Identification: Size: About the size of a Mourning Dove. Larger than a robin. Shape: Stocky with short legs, short tail, big head. Bill: As long as head, thin, slightly curved. Color: Back is brown with black bars. Under parts pinkish with black spots. Undersides of black wing and tail feathers are bright salmon red (West) or yellow (East). Head gray (West) or brown (East) and males with red (West) or black (East) whisker marks and nape marks (East). Black crescent across chest. White rump seen in flight.

Habitat, range & behavior: Found in woodland edges and forests. Year-round resident from extreme southern Canada, across all of the lower-48 states and in the mountains of Mexico and Middle America. In summer breeds northward well into Canada and Alaska. Frequently noted hopping on ground pecking in the ground for insects. In late spring, males proclaim their territory by rapid pounding on a hollow tree branch, though the ringing of metal downspouts at dawn is louder and carries much farther, to the exasperation of anyone trying to sleep inside!

Food and feeder preference: Ants and beetles are their primary foods. Will eat black oil sunflower seeds and are attracted to suet.

Photo of European Starling
European Starling
Photo by Greg Gillson

4. European Starling (25%)

Sturnus vulgaris
Introduced to North America in the late 1800's, they crossed the continent, often to the detriment of native cavity-nesting birds. The prime example of an invasive species.

Identification: This is a key species for comparing with an unknown bird. Size: 8-1/2 inches from bill tip to tail tip. About the size of a Red-winged Blackbird. Smaller than an American Robin. Larger than a White-crowned Sparrow or Spotted/Eastern towhee. Shape: Stocky with large head, short square-ended tail. Longer legs. Bill: As long as head. Sharp pointed. Yellow in spring, otherwise dark. Color: They are grayish brown much of the year, with glossy iridescence and white spotting during the spring.

Habitat, range & behavior: Lowland birds that need trees large enough for nest cavities but plenty of open area for feeding. They are most abundant in urban and suburban areas where they find food and artificial nest cavities. Resident from coast-to-coast from southern Canada to northern Mexico. In summer north across Canada and Alaska. Native range is Europe to Pakistan, north Africa. Often viewed as a pest, starlings often bully other backyard birds, taking over bird feeders, and stealing nest cavities from smaller native birds. In winter they can form into flocks of ten's of thousands.

Food and feeder preference: Primarily insects when available, often feeding on the ground. Discourage them from your backyard hopper and tray feeders by never feeding birds table scraps (including bread or meat). They have weak feet and do not perch well on tube feeders. A cage mesh around smaller hopper feeders may keep them out.

Photo of a House Finch in a bird bath
House Finch in bird bath
Photo by Greg Gillson

5. House Finch (21%)

Haemorhous mexicanus
Originally a bird of the West, now found across most of the US. There are other red finches, but these are the ones most likely in residential areas.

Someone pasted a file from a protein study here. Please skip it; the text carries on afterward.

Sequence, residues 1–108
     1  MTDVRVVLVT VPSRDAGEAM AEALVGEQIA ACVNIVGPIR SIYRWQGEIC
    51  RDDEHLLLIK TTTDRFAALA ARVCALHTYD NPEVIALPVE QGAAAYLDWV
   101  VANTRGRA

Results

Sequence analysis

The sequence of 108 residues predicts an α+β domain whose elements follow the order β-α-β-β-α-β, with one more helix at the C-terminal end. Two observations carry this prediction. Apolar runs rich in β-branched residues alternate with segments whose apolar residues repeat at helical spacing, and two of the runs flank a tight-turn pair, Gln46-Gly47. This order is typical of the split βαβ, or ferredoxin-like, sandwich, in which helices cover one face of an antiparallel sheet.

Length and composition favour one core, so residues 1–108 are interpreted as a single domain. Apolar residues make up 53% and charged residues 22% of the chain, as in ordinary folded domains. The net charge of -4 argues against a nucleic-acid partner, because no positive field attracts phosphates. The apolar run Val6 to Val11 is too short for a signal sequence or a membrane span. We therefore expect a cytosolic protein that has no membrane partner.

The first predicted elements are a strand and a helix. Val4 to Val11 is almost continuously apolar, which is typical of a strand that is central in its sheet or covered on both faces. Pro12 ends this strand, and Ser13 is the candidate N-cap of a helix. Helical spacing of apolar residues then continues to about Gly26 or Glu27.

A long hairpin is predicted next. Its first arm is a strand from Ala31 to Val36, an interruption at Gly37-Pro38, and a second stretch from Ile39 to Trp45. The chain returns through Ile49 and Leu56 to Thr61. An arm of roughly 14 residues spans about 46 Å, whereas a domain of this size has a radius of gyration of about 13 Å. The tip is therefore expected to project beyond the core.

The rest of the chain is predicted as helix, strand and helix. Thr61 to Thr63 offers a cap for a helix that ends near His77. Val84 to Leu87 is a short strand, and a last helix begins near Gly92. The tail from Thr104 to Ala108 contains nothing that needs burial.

Identification: This is a key species for comparing with an unknown bird. Size: About 6 inches from bill tip to tail tip. Larger than goldfinches and chickadees. Smaller than a White-crowned Sparrows or Spotted/Eastern towhees. Shape: Medium build with a medium-long notched tail. Round head. Bill: Short, conical. Color: Brown and gray above with streaks on the sides of the pale underparts. Males with red (sometimes orange or rarely yellow) crown, chest, rump.

Habitat, range & behavior: You'll find small flocks on wires, in short tree tops and in bushes. Originally deserts and grasslands. Rural areas and towns are where they're now most common. Formerly found in the western United States and Mexico. Then introduced into the northeastern United States, but now found in nearly all of the lower-48 states and extreme southern Canada. Rare in plains states (Dakotas to Texas) and southern Florida. House Finches are not territorial, but males sing throughout the year--a lively, wiry song ending in a couple of buzzy notes.

Food and feeder preference: They love sunflower seeds and tube feeders. May eat from thistle socks.

You may like my in-depth article on attracting House Finches.



Other common birds you might see from your backyard in Montana


The following lists contain additional common birds you might see flying over your yard or in a nearby neighborhood. There are also several less common backyard birds in these lists that don't appear in the lists above.

Watch for these additional common Montana birds in winter (December to February):
Black-billed Magpie (47% frequency)
Common Raven (31%)
Mallard (24%)
Canada Goose (23%)
Bald Eagle (21%)

Watch for these additional common Montana birds in summer (June to July):
Yellow Warbler (33% frequency)
Red-winged Blackbird (31%)
Tree Swallow (29%)
Black-billed Magpie (24%)
Western Meadowlark (24%)
Common Raven (20%)
Mallard (20%)

Watch for these additional common Montana birds in spring (April to May):
Red-winged Blackbird (43% frequency)
Mallard (41%)
Canada Goose (40%)
Black-billed Magpie (34%)
Tree Swallow (30%)
Western Meadowlark (28%)
Common Raven (25%)
Killdeer (22%)
Red-tailed Hawk (20%)
Song Sparrow (20%)



Comparison of the most common backyard birds in Billings, Montana


Photo of mating pair of Eurasian Collared-Doves